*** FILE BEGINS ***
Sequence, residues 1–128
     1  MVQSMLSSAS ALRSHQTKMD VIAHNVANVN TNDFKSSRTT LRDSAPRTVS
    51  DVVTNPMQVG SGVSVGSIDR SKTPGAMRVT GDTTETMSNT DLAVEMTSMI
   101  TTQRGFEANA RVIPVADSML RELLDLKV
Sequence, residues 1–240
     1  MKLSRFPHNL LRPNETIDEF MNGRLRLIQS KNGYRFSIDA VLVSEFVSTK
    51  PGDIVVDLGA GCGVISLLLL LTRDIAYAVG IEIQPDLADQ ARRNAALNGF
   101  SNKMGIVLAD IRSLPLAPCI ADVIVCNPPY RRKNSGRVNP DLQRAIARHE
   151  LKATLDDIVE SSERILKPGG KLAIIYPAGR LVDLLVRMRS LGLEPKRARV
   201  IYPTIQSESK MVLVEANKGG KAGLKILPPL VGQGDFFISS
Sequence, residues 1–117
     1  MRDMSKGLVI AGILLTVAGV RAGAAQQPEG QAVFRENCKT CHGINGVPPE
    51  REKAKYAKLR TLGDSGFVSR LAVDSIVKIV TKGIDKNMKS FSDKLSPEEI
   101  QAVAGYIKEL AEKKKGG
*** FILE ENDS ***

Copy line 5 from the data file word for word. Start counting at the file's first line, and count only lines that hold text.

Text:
Sequence, residues 1–240